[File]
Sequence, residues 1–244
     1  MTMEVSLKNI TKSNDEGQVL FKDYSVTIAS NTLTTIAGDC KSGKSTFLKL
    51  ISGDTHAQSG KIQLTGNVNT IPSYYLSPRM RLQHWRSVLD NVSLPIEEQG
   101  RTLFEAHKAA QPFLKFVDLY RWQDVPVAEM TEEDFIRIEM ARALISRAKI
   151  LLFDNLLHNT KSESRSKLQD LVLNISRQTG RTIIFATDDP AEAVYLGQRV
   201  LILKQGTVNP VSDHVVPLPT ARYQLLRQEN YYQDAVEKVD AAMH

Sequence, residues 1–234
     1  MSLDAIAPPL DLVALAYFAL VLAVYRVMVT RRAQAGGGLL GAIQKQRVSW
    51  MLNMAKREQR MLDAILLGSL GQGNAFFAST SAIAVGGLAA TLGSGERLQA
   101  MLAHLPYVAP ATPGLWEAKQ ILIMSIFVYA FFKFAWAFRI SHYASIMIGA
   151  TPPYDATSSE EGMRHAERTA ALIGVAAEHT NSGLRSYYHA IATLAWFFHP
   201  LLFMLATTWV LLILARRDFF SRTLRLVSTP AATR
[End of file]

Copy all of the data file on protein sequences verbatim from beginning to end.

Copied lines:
Sequence, residues 1–244
     1  MTMEVSLKNI TKSNDEGQVL FKDYSVTIAS NTLTTIAGDC KSGKSTFLKL
    51  ISGDTHAQSG KIQLTGNVNT IPSYYLSPRM RLQHWRSVLD NVSLPIEEQG
   101  RTLFEAHKAA QPFLKFVDLY RWQDVPVAEM TEEDFIRIEM ARALISRAKI
   151  LLFDNLLHNT KSESRSKLQD LVLNISRQTG RTIIFATDDP AEAVYLGQRV
   201  LILKQGTVNP VSDHVVPLPT ARYQLLRQEN YYQDAVEKVD AAMH

Sequence, residues 1–234
     1  MSLDAIAPPL DLVALAYFAL VLAVYRVMVT RRAQAGGGLL GAIQKQRVSW
    51  MLNMAKREQR MLDAILLGSL GQGNAFFAST SAIAVGGLAA TLGSGERLQA
   101  MLAHLPYVAP ATPGLWEAKQ ILIMSIFVYA FFKFAWAFRI SHYASIMIGA
   151  TPPYDATSSE EGMRHAERTA ALIGVAAEHT NSGLRSYYHA IATLAWFFHP
   201  LLFMLATTWV LLILARRDFF SRTLRLVSTP AATR